By Dr. Ivan Castro
February is national American Heart Month focused on education, awareness and prevention of heart disease. According to the Center for Disease Control and Prevention (2015), Heart disease is the leading cause of death in the United States; affecting one out of four individuals. Heart disease occurs when cholesterol builds up into the bloodstream causing the blood flow to the heart to slow down or become restricted. Factors that contribute to heart disease consist of age, gender, race, family history, smoking, obesity, diabetes, high blood pressure and high cholesterol.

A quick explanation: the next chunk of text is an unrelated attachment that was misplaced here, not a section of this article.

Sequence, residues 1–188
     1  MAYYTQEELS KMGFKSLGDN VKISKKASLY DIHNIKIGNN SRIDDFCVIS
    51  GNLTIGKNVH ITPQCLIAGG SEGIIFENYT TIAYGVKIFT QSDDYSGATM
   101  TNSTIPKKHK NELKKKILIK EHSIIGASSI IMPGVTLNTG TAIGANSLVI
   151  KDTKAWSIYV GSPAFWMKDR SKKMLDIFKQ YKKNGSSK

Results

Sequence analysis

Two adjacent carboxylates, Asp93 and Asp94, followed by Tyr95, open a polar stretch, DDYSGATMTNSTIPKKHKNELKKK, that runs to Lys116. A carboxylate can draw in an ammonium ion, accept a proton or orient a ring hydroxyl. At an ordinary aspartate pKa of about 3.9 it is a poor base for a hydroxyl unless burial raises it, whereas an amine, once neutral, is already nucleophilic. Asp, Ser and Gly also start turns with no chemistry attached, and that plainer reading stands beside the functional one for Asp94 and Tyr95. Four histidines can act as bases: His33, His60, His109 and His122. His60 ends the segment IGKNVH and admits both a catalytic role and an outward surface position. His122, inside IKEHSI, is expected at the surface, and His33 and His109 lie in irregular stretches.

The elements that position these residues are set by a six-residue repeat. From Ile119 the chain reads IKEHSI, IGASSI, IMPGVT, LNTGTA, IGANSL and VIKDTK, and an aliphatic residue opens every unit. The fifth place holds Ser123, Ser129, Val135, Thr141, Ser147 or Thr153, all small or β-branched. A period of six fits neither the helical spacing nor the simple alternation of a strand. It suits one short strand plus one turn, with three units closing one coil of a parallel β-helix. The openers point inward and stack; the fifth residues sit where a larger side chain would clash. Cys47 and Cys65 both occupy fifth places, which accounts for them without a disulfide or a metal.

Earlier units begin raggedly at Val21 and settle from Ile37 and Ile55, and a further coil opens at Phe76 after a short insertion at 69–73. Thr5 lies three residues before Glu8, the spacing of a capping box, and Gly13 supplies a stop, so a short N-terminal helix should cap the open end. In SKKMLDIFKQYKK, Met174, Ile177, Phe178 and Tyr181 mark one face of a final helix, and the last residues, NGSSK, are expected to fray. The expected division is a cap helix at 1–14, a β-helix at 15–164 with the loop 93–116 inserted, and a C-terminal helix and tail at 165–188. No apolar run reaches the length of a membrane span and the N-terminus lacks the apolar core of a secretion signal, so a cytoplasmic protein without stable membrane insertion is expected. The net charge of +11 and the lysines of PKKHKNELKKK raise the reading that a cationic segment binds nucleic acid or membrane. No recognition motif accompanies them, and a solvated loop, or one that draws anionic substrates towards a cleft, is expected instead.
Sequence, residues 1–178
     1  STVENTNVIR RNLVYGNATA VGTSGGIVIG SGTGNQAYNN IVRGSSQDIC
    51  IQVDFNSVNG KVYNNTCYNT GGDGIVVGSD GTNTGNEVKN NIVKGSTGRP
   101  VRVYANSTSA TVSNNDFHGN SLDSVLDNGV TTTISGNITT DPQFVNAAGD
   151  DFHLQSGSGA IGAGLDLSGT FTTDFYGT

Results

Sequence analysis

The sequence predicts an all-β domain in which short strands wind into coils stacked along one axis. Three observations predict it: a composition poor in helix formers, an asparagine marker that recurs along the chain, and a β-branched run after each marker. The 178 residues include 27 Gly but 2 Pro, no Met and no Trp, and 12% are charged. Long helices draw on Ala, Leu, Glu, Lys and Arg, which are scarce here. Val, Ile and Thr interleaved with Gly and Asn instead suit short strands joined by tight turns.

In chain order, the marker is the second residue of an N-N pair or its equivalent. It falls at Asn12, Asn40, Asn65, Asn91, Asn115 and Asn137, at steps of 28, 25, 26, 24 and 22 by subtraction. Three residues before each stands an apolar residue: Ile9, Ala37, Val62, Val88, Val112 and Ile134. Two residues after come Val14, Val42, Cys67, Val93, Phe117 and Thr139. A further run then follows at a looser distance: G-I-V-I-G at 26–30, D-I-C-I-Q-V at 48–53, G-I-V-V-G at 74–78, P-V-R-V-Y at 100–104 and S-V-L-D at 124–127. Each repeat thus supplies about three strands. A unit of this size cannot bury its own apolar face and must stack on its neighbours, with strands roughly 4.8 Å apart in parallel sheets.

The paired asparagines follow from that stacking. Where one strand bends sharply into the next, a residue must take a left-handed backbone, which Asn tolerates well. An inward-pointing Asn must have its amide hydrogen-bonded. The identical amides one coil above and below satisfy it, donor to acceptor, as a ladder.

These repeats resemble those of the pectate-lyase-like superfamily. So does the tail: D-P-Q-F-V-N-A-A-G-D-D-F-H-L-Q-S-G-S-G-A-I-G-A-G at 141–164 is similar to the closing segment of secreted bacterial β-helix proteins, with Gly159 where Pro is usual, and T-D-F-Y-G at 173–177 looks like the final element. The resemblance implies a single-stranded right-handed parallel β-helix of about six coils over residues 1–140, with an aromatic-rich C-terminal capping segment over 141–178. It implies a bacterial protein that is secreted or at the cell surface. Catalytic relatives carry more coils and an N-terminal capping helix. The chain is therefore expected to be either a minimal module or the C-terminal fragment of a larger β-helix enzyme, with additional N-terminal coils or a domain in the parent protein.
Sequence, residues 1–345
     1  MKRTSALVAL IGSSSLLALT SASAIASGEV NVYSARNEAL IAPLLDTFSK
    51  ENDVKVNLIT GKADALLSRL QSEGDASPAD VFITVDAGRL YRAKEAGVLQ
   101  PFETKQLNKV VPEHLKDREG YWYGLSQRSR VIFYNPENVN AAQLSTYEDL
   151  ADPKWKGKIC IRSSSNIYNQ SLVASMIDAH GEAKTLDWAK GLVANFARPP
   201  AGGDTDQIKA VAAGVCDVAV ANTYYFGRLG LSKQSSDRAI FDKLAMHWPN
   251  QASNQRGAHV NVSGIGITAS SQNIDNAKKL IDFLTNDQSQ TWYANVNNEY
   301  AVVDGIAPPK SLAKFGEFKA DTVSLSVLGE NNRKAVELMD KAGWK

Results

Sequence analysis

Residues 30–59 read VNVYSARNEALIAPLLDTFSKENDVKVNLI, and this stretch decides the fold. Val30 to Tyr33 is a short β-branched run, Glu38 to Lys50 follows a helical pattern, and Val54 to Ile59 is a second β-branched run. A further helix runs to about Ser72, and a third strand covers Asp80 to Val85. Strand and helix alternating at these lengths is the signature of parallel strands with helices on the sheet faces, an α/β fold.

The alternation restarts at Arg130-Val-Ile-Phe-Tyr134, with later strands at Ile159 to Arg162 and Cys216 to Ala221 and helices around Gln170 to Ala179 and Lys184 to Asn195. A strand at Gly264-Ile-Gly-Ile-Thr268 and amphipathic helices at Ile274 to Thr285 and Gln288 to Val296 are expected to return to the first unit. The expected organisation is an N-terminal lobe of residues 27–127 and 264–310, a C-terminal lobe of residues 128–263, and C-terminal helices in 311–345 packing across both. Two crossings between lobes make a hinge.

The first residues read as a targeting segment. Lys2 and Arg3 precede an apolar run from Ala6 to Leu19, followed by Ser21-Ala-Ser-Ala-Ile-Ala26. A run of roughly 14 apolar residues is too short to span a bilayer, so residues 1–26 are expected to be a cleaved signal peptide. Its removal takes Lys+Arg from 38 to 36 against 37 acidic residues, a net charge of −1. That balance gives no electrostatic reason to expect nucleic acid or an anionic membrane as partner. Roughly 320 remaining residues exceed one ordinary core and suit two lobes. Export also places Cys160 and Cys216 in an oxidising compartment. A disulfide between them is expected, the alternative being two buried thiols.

As the workforce continues to age and individuals tend to work longer, it is becoming more prevalent that comorbidity diagnosis occurs at or after an initial injury takes place. Comorbidities typically consist of obesity, diabetes, hypertension, high blood pressure, heart disease, high cholesterol, depression, insomnia, immune system issues, chronic pulmonary issues, tobacco use, alcohol addiction and drug addiction. A study conducted in November of 2012 by National Council of Compensation Insurers (NCCI), concluded that medical claims costs with comorbidities doubled than those without; average medical claim costs for hypertension was $15,656 compared to $2,490 without a comorbidity. It was also noted from 2000 to 2009 the share of workers’ compensation claims with comorbidity diagnosis nearly tripled from 2.4% to 6.6%. (click here for entire article)
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